So here it is (sorry about the photo quality...and color):
It all starts here. I think every single one of my poems has started out handwritten. I used to turn my nose up at poetry. (I know, right? Irony. Right there.) I was only interested in writing 'books', and I used 8 and a half by 11 spiral notebooks (college ruled). I discovered the joys of the smaller steno pads when I was deployed, and I now write my poetry just about exclusively in these highly portable, poem-sized notebooks.
You may notice all the rhyme notes. It's a strange thing to write rhyming poetry. You're balancing rhyme with content (hopefully with an emphasis on the content). But even if I'm writing a free verse poem, I still have various word choice options scribbled on the page, just not as many. Also, this is a pretty scribble-heavy draft - some of my rhyming poems find natural rhyme/content harmony and I hardly have to do any work to figure out what direction I want to go. I chose a messy one to post here for your entertainment.*
Once I've finished a handwritten poem, the next step is to type it up! I usually do light edits as I type, so you'll notice a few differences from the original draft (in this case, I actually went and changed the original to match a change I made while typing it!). Sometimes I'll go back to it later (much later) and make some additional edits, but you can't see the progression because I save the updated poem over the previous typed version(s).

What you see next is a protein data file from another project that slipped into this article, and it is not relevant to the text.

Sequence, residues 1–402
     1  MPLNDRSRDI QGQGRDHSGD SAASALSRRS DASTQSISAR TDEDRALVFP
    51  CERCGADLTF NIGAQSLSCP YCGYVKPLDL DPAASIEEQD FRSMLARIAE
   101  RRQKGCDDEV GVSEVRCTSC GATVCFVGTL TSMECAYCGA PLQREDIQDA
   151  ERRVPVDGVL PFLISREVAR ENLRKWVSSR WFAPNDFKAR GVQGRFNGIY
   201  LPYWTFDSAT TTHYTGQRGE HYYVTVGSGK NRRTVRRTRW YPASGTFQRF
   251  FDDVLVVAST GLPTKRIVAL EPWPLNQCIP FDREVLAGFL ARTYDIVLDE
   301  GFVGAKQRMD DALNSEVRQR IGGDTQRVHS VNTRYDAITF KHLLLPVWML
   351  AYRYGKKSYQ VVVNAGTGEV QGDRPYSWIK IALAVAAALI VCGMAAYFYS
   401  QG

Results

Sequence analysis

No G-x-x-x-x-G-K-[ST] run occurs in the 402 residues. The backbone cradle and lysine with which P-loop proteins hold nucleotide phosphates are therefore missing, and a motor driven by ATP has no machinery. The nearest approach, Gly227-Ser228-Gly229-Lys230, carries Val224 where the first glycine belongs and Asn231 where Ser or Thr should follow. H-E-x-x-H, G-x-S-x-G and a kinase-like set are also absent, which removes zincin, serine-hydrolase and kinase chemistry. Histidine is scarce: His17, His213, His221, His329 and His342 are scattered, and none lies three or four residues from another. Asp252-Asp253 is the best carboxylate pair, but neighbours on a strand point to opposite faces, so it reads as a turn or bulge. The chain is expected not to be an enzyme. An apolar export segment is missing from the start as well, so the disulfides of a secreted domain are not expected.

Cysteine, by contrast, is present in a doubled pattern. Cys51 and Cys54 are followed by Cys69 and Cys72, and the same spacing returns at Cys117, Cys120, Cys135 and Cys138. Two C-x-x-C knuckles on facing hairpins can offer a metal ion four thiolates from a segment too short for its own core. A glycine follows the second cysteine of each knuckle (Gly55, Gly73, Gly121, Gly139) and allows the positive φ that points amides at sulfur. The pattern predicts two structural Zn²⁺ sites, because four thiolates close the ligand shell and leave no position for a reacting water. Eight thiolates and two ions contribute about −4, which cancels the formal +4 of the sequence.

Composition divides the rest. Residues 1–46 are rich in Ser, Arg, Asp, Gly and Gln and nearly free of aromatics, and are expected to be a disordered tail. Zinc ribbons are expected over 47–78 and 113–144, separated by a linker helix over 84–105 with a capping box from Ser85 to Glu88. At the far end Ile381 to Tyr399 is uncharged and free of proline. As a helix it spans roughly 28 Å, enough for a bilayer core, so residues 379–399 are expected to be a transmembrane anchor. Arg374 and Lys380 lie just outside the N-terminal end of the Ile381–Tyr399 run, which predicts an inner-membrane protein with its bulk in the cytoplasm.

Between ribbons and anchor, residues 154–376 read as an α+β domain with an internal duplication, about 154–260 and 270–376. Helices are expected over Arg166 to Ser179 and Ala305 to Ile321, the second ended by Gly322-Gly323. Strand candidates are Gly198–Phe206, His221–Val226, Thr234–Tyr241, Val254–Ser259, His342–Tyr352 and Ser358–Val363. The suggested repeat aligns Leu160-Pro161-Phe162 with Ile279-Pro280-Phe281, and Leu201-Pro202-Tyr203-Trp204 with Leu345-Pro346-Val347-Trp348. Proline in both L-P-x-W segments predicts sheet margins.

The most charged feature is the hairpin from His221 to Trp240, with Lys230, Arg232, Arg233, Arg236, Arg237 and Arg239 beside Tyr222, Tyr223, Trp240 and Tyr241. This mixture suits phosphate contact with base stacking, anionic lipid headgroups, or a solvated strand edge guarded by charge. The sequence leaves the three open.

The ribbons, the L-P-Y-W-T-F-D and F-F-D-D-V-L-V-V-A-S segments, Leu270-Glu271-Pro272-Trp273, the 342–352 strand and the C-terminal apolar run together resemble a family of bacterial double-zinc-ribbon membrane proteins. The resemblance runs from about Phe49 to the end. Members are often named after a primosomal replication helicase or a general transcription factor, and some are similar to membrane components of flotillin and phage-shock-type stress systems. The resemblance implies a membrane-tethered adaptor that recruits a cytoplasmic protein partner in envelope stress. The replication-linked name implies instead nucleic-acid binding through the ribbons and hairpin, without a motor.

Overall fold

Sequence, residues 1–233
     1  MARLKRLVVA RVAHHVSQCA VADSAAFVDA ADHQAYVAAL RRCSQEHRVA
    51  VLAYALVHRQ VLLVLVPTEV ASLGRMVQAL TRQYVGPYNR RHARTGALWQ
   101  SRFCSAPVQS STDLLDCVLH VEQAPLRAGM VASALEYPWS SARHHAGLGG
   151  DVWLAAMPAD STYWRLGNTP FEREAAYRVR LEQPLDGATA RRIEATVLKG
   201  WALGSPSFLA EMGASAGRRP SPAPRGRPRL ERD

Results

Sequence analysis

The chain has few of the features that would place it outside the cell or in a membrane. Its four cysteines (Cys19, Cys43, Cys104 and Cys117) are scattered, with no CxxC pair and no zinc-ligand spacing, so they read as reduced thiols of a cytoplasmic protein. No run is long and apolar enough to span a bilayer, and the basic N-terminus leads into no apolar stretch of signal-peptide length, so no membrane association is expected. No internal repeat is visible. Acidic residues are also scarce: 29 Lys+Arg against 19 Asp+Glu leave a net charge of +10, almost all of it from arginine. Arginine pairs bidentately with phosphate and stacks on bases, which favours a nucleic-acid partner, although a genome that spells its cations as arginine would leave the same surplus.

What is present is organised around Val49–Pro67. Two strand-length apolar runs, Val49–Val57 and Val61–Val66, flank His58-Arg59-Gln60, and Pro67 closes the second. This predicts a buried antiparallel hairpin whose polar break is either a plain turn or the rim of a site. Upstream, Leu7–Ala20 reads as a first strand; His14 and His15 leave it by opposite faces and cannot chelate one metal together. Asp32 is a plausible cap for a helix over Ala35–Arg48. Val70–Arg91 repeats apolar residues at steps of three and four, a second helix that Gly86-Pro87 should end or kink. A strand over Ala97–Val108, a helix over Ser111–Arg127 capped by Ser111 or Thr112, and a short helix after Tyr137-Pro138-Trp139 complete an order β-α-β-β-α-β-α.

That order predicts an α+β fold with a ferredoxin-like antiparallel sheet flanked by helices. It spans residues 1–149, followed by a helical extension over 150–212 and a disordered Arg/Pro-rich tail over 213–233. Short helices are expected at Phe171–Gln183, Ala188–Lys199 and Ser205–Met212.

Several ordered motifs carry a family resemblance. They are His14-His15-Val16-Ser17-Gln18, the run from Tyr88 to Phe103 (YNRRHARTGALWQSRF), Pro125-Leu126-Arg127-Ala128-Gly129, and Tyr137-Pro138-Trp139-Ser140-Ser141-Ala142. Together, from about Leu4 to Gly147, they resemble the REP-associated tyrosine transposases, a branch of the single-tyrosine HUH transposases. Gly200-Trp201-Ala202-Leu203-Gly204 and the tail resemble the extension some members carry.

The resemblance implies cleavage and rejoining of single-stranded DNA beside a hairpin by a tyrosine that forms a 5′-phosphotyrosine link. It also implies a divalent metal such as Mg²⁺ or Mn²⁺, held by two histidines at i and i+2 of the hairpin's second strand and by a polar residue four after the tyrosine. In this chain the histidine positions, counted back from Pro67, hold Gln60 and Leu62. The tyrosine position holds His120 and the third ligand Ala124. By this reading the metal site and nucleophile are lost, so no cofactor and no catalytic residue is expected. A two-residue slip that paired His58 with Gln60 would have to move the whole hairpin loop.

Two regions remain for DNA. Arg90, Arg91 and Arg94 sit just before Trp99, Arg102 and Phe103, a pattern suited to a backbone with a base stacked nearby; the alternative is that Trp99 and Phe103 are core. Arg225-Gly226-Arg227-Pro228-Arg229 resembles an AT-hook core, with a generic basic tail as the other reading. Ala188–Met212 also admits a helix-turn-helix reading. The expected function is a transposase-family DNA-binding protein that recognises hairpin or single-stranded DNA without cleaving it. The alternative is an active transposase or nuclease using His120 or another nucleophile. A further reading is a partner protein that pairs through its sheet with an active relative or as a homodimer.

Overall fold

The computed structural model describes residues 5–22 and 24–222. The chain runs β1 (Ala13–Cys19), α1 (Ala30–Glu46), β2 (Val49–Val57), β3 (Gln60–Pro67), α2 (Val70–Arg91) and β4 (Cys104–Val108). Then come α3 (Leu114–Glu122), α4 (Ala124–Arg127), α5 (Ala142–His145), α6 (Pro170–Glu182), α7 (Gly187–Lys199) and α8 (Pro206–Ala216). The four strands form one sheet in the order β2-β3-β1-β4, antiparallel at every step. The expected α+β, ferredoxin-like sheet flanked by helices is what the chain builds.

Once I decided to publish, the first thing I had to do was decide what poems I wanted to include in the collection. I knew I wanted poems related to faith, but beyond that I had no idea what to include. So I printed out every single poem I'd ever written about God, four to a page, and cut them so I could see them all properly.
My first organizational step was to lay each and every poem out on my dining room table. They fit pretty much perfectly! I had over 100 poems there, including those two note cards that you see.**
I initially rated my poems (in red colored pencil) with Roman numerals from one to five, based partly on content but primarily on quality. Poems rated one were pretty much shoe-ins to be included in the book, and wouldn't need much work. 5-rated poems either didn't seem to quite fit with the others for content, or would need some major re-writing to bring them up to publication quality (or both). As I continued in the selection, revision, and categorization process, the status of some poems changed, but for most, my initial rating rang true. I went through the poems and made initial edits right on the page.
The categorization and revision processes were not one-time things. They were on-going from the moment I printed those poems four to a page, until I approved my manuscript proof for publication.
Having made my preliminary decisions about how to categorize the selected poems into sections (Prayers and Praises, Calling, etc), I put them into a downloaded template for the size book I wanted, and printed that off on full-sized pages to get a clearer picture of what that would actually look like. I think if I self-publish again, I may skip this step - I didn't do much with it.